FutureStarr

Roast a Turkeyor

Roast a Turkeyor

Roast a Turkey

I was terrible at roasting a turkey. I’ve seen countless times someone ask to roast a turkey and they come up with a prep list that takes a few hours and instructions that are cryptic at best. The obvious question is how can I learn how to roast a turkey?

Time

After removing the turkey from the oven, let it rest for at least 15 minutes, or up to 40 minutes (that gives you some extra time if you need to bake or warm anything else in the oven). If you’re using the drippings for gravy, remove the turkey from its pan, to a cutting board and tent it with foil while it rests there. If you’re not using the drippings, then just leave the turkey in the pan and tent with foil. Roast in the oven, then 90 mins before the end of cooking, open the foil, discard the bacon, and drain off excess fat from the tin. Leaving the foil open, return the turkey to the oven to brown, basting with the juices several times. Then 30 mins before the end of cooking, place pigs-in-blankets and stuffing of your choice around the turkey, or cook in a separate lightly oiled tin. (Source:

Place turkey in the oven, and pour 2 cups turkey stock into the bottom of the roasting pan. Baste all over every 30 minutes with the juices on the bottom of the pan. Whenever the drippings evaporate, add stock to moisten them, about 1 to 2 cups at a time. Remove aluminum foil after 2 1/2 hours. Roast until a meat thermometer inserted in the meaty part of the thigh reads 165 degrees F (75 degrees C), about 4 hours. (Source: www.allrecipes.com)

Minutes

This is the turkey recipe I used when I roasted my first-ever 19lb bird three years ago. It turned out perfectly then and has every year since. My version calls for placing the turkey on a v-shaped rack in the roasting pan. This allows air to circulate under the bird and should address any issues related to the bottom not cooking as thoroughly as the top or being soggy. I have never had to turn the bird over. Other hints: truss the wings under the bird with baking string or wrap in aluminum foil to keep from over-browning. For the rest of the turkey, I place the aluminum foil tightly over the breast-portion only. Then, I remove the foil on the breast 1 hour before the bird is done (my 19lb birds, stuffed, tend to roast in about 5 hours, so I remove at the 4 hour mark). The breast is always beautifully brown and not overdone; very juicy! Baste as directed (every 30 minutes) with turkey or chicken stock. When you check the temperature, be sure you're not hitting the bone; keep it in the fleshy part of the thigh meat. I also check the internal temperature of the stuffing to ensure it's at 160. Standing time is *important.* I rest mine at least 30 minutes, up to 45. It won't get cold--keeps it juicy! I use good quality boxed or homemade chicken stock instead of turkey stock. This is such an easy recipe. You don't need to over-think it or second-guess it. It's worked for me every single time. And...the drippings make delicious pan gravy! Enjoy!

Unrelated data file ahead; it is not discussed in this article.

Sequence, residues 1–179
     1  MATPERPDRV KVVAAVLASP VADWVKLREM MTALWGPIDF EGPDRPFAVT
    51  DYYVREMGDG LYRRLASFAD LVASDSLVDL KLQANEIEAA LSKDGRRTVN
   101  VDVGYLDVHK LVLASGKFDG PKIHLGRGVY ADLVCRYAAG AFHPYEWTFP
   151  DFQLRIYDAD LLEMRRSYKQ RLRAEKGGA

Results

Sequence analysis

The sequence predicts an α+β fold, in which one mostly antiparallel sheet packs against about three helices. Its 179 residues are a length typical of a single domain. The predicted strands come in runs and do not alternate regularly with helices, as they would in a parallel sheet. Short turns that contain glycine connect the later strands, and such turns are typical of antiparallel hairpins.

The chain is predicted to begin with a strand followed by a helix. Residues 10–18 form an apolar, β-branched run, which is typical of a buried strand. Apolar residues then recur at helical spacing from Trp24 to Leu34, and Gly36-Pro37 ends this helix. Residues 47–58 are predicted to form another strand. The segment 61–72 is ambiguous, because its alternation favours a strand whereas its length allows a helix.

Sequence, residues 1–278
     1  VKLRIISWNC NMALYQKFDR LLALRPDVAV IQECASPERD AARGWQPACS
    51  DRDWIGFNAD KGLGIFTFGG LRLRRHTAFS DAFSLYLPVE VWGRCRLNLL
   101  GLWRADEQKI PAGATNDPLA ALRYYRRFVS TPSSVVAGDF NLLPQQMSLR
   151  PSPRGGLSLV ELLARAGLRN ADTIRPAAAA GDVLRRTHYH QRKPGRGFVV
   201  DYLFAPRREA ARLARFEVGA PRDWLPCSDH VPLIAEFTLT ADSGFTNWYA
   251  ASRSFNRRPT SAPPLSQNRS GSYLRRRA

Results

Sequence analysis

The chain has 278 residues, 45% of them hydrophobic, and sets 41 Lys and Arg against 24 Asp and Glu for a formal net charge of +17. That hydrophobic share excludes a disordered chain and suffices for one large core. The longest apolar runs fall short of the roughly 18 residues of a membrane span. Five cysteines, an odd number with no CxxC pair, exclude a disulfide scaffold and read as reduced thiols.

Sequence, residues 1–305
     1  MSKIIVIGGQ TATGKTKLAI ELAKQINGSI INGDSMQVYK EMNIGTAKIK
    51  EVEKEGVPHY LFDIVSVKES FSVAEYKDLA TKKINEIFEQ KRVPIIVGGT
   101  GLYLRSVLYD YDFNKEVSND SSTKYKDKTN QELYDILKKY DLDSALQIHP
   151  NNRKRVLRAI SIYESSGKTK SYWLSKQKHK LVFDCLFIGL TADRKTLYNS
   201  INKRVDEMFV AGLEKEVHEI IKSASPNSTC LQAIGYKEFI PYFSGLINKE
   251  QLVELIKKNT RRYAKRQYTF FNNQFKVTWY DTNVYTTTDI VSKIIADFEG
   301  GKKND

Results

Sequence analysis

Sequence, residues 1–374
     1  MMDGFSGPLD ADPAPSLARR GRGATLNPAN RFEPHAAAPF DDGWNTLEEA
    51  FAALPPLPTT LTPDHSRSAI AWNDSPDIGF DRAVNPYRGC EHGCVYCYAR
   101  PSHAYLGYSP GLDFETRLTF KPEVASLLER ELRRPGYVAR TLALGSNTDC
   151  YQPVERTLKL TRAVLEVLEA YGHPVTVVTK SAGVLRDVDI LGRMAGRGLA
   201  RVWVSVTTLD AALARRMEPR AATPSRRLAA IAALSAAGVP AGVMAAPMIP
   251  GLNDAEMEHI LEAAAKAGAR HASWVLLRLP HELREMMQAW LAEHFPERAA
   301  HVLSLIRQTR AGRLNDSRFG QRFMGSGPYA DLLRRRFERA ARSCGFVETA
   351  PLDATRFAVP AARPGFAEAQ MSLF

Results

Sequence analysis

This is the turkey recipe I used when I roasted my first-ever 19lb bird three years ago. It turned out perfectly then and has every year since. My version calls for placing the turkey on a v-shaped rack in the roasting pan. This allows air to circulate under the bird and should address any issues related to the bottom not cooking as thoroughly as the top or being soggy. I have never had to turn the bird over. Other hints: truss the wings under the bird with baking string or wrap in aluminum foil to keep from over-browning. For the rest of the turkey, I place the aluminum foil tightly over the breast-portion only. Then, I remove the foil on the breast 1 hour before the bird is done (my 19lb birds, stuffed, tend to roast in about 5 hours, so I remove at the 4 hour mark). The breast is always beautifully brown and not overdone; very juicy! Baste as directed (every 30 minutes) with turkey or chicken stock. When you check the temperature, be sure you're not hitting the bone; keep it in the fleshy part of the thigh meat. I also check the internal temperature of the stuffing to ensure it's at 160. Standing time is *important.* I rest mine at least 30 minutes, up to 45. It won't get cold--keeps it juicy! I use good quality boxed or homemade chicken stock instead of turkey stock. This is such an easy recipe. You don't need to over-think it or second-guess it. It's worked for me every single time. And...the drippings make delicious pan gravy! Enjoy! Read More (Source: www.allrecipes.com)

 

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